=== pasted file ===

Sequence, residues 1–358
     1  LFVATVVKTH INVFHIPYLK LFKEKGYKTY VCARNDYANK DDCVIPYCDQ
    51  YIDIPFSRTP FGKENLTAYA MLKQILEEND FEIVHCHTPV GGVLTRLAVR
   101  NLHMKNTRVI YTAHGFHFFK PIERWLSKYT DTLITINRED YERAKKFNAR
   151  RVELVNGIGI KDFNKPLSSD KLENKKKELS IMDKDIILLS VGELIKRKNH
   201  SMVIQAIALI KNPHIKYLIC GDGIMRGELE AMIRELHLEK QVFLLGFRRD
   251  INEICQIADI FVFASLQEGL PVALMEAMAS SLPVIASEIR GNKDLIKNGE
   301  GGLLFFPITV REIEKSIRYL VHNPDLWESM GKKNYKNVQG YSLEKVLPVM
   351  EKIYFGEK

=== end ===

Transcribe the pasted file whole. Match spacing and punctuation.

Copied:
Sequence, residues 1–358
     1  LFVATVVKTH INVFHIPYLK LFKEKGYKTY VCARNDYANK DDCVIPYCDQ
    51  YIDIPFSRTP FGKENLTAYA MLKQILEEND FEIVHCHTPV GGVLTRLAVR
   101  NLHMKNTRVI YTAHGFHFFK PIERWLSKYT DTLITINRED YERAKKFNAR
   151  RVELVNGIGI KDFNKPLSSD KLENKKKELS IMDKDIILLS VGELIKRKNH
   201  SMVIQAIALI KNPHIKYLIC GDGIMRGELE AMIRELHLEK QVFLLGFRRD
   251  INEICQIADI FVFASLQEGL PVALMEAMAS SLPVIASEIR GNKDLIKNGE
   301  GGLLFFPITV REIEKSIRYL VHNPDLWESM GKKNYKNVQG YSLEKVLPVM
   351  EKIYFGEK